Written by Eugene Buchanan

It was a cold day in October 1971 when Steamboat’s Director of Skiing Billy Kidd pulled into town with his Porsche 911 Speedster, Triumph 500 motorcycle, and “townie” Volvo station wagon, took off his cowboy hat, unhitched his horse and stayed. He had just graduated from CU in Boulder and was thinking of going to business school but decided to give winning a gold medal one more shot. That he did. The first U.S. male to win an Olympic skiing medal in 1964, Kidd, clad in an Easy Rider-style stars and stripes helmet, went on to win the gold in Combined at the 1970 World Championships and again at the inaugural U.S. Pro Tour. The first contract his coach, Bob Beattie, landed him was in Steamboat, where Kidd became the resort’s first-ever Director of Skiing—a position he’s now held for more than 50 years.

“Back then as an athlete, if you had medals in your pocket you could make money for a couple of years,” says Kidd, originally from Stowe, Vt. “For me it’s only lasted five decades — now I might have to go out and get a real job.”

Kidd picked a good time to hitch his horse to the Steamboat wagon. Like Kidd slaloming down the mountain, things were moving along at Steamboat Ski Area as well. Just a year before, in 1970, the resort added the Stagecoach gondola to its fleet, a six-passenger, three-tower lift built by Bell that whisked skiers to the top of Thunderhead, reaching a height of 252 feet with a record 3,330-foot span. It also added the Summit Poma lift, opening-up the face of Storm Peak.

“Those were the years we became a real ski area,” says Jim “Moose” Barrows, a local Olympian who has lived here since the ‘50s. “It was very exciting. I mean, who ever thought we’d have a gondola here? That was when we really became of age.” (Barrows won a World Cup downhill in 1967 and competed at the 1968 Olympics in Grenoble, suffering a spectacular crash newscasters dubbed “the thrill of victory and agony of defeat.”)

The improvements were only beginning. In 1972, the resort added thePriest Creek chair, the country’s first lift to be planted by helicopter, and opened the Priest Creek area for world-class glade skiing, including Closets, Shadows and Twilight, and cutting the High Noon, One O’Clock, Two O’Clock and Three O’Clock runs. It also installed the Elkhead and Christie II chairlifts.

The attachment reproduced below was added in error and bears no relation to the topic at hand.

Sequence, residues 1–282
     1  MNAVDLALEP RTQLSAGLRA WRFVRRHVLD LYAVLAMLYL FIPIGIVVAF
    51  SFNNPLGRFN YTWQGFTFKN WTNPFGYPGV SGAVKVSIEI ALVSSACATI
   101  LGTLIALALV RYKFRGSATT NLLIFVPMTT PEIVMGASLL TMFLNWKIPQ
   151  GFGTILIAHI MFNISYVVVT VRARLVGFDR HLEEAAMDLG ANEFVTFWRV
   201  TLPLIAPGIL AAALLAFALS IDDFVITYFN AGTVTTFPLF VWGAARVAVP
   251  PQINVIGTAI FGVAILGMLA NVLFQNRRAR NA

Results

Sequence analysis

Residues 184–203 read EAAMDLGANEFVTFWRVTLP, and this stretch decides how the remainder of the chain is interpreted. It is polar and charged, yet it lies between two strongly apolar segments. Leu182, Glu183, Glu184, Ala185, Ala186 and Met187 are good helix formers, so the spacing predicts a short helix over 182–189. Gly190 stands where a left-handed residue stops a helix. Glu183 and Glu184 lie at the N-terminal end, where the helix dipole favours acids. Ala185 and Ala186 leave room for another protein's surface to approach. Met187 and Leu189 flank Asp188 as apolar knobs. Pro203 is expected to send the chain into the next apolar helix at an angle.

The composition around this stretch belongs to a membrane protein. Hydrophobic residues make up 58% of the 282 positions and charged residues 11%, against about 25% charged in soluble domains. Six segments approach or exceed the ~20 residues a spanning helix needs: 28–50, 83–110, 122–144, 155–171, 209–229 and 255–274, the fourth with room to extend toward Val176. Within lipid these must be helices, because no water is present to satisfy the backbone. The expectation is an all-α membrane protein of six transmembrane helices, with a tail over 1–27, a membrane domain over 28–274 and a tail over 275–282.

For Kidd it was a match made in heaven. “I’d heard about Steamboat from Buddy Werner and Moose, who were on the U.S. Ski Team with me,” he says. “I got hooked on powder and sunshine, and with the town’s ranching background and a name like Billy Kidd, it was a perfect fit.”

Kidd, who loved Steamboat’s western heritage, quickly did what he could to help foster that image. In 1974, he and six-time All-Around World Champion cowboy Larry Mahan invited some cowboys up from the Denver Stock Show for a day of racing and the Cowboy Downhill was born, which is now approaching its 50th anniversary of high-flying, chaps-wearing fun—where the competitors used to lasso a ski hostess at the race’s finish. “The western image here is real, not manufactured by Madison Avenue,” Kidd says.

The resort went out of its way to help other people learn how to ski also, with Michael Barry and Sven Wjik helping bring the Special Olympics to Steamboat in 1977, attended by the likes of Ethel Kennedy, Eunice Kennedy Shriver and Olympian Bruce Jenner. While a drought forced the resort to close early that year and reopen March 5, when it did it was with yet another milestone improvement to its terrain: the official opening of Chute One, now a badge of courage for advanced skiers and riders.

Finally, at the end of the decade — after bell bottoms and disco had hopefully run their course and the world had gotten over the break-up of the Beatles — the ski area was purchased from LTV by Northwest Colorado Ski Corp. in 1979, changing its name to Steamboat Ski Corp. The transfer and ushered in a slew of even more improvements—including the private sale of the Village Inn Hotel and Golf Course at the resort’s base to Sheraton, heralding a new era of hospitality.

But the resort’s original western friendliness remained unchanged, just as it does today — even though Kidd now sports a helmet instead of his trusty Stetson. “The sport’s essence is still the same, even after all these years,” says Kidd, who’s glad he’s been able to hang his trademark hat here for so long. “You slide down the hill with a big grin on your face and can’t wait to go up and do it again.”